Engineered grooves are mostly studied on wheels with a defined abrasive arrangement in a single layer. Research on grinding wheels with 3D, controllable, abrasive arrangements is rarely mentioned. In the work developed by Qiu et al. [50], grinding wheels were designed with different 3D, controllable, abrasive arrangements in the space. Using a kinematic equation, the grinding trajectories were estimated in order to determine the effects of 3D abrasive configurations on the surface quality of the workpiece during the grinding process. To manufacture grinding wheels, a stereolithography equipment machine utilizing additive manufacturing technology was created. The influence of abrasive dispersion on the regularity of grinding trajectories was explored experimentally and computationally.
From Table 4, it can be gleaned that the geometry most studied by the authors is the phyllotaxis type. Phyllotaxis is a kind of order that the leaves, fruit, and organizations of most plants conform to [59]. Figure 5 depicts typical examples of phyllotactic patterns [44]. Although the phyllotaxis idea has existed for more than a century, it has only recently been investigated by specialists and academics. The leaves or other natural organizations must have evolved patterns to withstand wind force to a certain degree, allowing plants to withstand wind. The phyllotactic pattern must be the pattern that allows wind and rain to move through the spaces between leaves more readily in order to lessen the influence of wind force. The characteristics of the phyllotactic pattern must meet the requirements of the designed grinding wheel with respect to the program (flow rate and speed, for example) and how the fluid is provided for the contact zone [44]. Therefore, authors who use this concept usually work with simulations and mathematical modeling, precisely to define the geometry chosen with accuracy and its potential gain.
Figure 5. Typical examples of phyllotactic patterns: (a) keteleeria davidiana, (b) anthurium, and (c) pinecone [44].
Abrasive wheels with an internal cooling system have been studied by many authors in the last decade, the structure of which is shown in Figure 6a [58]. The coolant is injected directly into the grinding zone via the internal channel to prevent lubricant waste and energy consumption caused by the air barrier [54]. To further improve the coolant flow in the contact area with the workpiece, the authors have also produced engineered grooves in this type of abrasive grinding wheel. For example, in Figure 6b [58], the phyllotaxy concept was used to develop a sunflower texture on the grinding wheel’s abrasive ring.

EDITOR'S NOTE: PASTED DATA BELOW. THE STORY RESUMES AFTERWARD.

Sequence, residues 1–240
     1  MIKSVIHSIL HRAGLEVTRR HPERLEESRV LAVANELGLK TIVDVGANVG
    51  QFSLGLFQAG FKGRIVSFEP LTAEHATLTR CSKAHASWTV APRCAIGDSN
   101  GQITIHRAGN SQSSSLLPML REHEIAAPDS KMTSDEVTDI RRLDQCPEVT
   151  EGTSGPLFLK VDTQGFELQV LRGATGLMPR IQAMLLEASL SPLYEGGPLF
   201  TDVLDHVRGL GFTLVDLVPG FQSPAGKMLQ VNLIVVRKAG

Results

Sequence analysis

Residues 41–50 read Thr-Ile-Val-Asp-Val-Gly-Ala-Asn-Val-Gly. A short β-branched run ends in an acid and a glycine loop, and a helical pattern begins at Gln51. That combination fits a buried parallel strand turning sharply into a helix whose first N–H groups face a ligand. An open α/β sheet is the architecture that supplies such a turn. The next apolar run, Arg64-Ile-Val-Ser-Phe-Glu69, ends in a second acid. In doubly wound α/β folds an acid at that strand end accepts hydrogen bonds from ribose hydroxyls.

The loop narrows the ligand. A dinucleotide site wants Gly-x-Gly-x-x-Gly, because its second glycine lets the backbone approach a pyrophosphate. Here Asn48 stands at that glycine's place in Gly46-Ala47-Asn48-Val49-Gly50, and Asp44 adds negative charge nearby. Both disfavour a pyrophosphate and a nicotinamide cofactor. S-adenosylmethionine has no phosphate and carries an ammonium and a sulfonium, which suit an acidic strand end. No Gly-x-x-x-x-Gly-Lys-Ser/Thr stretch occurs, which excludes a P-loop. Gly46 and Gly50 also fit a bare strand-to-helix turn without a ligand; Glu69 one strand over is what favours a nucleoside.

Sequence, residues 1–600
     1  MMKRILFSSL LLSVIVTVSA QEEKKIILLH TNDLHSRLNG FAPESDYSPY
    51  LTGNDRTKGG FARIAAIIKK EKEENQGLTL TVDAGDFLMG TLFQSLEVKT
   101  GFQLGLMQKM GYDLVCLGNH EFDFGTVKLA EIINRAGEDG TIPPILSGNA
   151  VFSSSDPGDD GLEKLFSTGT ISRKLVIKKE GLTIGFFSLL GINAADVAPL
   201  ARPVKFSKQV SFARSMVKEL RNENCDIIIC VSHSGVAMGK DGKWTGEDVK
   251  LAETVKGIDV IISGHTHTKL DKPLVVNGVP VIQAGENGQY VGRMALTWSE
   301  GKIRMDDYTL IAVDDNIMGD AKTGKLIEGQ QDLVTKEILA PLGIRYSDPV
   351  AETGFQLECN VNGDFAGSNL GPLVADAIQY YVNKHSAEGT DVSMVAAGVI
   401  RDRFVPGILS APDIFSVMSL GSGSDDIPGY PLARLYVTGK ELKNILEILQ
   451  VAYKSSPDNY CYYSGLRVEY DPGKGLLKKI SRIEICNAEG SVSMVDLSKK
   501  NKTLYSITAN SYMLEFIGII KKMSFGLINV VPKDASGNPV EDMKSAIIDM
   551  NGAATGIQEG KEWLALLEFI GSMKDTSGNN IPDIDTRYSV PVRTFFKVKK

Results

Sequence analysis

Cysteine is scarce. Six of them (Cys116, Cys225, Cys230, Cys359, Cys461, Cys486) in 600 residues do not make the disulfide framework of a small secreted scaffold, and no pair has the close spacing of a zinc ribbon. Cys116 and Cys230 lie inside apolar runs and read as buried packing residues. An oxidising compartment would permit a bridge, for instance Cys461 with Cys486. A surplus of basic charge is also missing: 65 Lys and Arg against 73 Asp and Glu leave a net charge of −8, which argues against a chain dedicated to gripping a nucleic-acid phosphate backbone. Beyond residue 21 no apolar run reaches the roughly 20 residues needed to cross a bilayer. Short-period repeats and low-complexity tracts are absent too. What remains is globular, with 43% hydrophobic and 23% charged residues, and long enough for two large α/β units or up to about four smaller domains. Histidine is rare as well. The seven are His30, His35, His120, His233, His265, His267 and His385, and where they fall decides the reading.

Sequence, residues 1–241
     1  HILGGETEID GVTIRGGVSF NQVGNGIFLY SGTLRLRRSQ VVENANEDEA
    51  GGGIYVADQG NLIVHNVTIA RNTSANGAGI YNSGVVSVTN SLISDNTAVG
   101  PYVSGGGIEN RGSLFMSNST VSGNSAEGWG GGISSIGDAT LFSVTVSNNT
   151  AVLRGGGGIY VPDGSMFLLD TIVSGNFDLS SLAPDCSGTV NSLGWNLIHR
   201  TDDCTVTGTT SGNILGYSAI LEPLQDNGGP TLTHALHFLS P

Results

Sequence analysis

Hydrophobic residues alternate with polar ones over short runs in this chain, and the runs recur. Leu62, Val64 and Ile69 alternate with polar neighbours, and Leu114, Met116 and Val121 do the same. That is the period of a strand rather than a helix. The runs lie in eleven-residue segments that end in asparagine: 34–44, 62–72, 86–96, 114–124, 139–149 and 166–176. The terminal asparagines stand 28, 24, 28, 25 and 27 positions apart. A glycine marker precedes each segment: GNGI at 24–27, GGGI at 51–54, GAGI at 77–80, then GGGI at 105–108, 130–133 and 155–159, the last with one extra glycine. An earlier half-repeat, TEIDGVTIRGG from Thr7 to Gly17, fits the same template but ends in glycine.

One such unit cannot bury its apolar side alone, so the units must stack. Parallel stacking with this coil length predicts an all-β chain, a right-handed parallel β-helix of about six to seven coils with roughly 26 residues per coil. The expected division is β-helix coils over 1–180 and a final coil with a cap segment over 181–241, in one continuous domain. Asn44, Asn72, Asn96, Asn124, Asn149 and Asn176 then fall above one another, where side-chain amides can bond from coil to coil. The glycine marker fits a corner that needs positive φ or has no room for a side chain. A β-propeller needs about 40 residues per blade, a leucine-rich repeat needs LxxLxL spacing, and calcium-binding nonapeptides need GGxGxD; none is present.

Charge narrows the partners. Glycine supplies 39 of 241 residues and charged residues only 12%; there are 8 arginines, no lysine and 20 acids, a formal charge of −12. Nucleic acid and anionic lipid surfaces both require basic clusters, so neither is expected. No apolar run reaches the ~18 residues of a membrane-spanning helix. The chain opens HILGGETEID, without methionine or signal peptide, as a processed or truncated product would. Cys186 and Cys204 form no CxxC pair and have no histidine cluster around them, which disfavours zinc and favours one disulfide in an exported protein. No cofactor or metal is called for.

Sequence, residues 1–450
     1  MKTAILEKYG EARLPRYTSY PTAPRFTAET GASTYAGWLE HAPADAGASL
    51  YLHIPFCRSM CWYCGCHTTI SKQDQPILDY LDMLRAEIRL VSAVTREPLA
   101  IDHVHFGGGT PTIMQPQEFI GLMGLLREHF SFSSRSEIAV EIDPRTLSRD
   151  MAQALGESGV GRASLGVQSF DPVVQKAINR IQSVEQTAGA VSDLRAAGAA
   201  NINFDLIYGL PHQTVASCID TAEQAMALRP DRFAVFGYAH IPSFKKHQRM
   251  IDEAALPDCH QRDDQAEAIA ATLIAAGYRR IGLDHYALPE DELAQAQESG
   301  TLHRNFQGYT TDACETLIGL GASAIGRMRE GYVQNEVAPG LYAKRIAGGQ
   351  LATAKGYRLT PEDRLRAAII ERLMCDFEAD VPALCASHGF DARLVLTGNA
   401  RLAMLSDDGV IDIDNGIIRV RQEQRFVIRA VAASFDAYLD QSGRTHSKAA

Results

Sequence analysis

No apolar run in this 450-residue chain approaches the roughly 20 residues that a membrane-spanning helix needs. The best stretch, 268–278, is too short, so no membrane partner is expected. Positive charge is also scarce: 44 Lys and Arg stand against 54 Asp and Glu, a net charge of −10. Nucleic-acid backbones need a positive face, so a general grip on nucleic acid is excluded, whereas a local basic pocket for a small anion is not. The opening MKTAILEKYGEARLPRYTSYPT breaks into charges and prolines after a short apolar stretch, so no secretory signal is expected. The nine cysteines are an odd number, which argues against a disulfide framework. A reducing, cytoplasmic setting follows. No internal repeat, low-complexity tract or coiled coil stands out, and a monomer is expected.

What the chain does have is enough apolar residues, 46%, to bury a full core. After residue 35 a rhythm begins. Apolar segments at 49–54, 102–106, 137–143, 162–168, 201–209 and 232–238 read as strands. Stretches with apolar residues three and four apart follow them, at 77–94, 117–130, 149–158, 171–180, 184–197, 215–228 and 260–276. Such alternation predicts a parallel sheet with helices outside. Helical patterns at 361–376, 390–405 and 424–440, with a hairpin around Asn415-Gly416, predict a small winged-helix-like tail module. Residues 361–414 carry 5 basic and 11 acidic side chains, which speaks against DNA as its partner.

Figure 6. (a) Structure of the internal-cooling grooved grinding wheel and (b) the abrasive ring with the phyllotactic pattern of the abrasive [58].
Engineered grooves represent a field that has seen many publications since 2015. Researchers have paid special attention to the simulation and numerical modeling of abrasive particle arrays in order to continually improve the geometries that can be obtained using this method. Grinding wheels with 3D, controllable, abrasive arrangements may be a field of interest in the future, as the research carried out has resulted in only one publication reporting this type of engineered groove. The main disadvantage of the method is the time required to construct the arrangement, which is often achieved grain by grain.

2.3. Laser Grooves

Laser conditioning is a novel, non-contact approach that may be used with a wide range of abrasives and bonding materials [60]. Laser-based thermal procedures utilize high-energy-density laser beams to ablate particular regions on abrasive tool surfaces so that materials within designed textural regions can be eliminated by melting, heating, vaporization, plasma generation, ablation of grits and bonds, or evaporation [61][62]. A common experimental setup for laser structuring is show in Figure 7 [63]. The primary advantages of the laser approach are the absence of tool wear, excellent reproducibility and controllability, high accuracy, and relatively quick processing time. In addition, this approach permits the microtexturing of grinding wheels [60].
Figure 7. Experimental setup for laser structuring [63].
The main subject of each publication on laser grooves is summarized in Table 5; the respective groove geometries and dimensions investigated are presented in Table 6.
Table 5. Summary of publications on laser grooves.
Table 6. Laser groove geometries and dimensions.
From Table 5, the evaluation of the influence of groove parameters on grinding operations is the area with the most publications. The data presented in Table 6 complement this information, as it is possible to find a wide range of different geometries. With the laser method, it is possible to produce macro- and microtextures from simple geometries, such as “helical” geometries, to more complex geometries, such as “waves” and “hemispheres”, as shown in Figure 8 [62][68].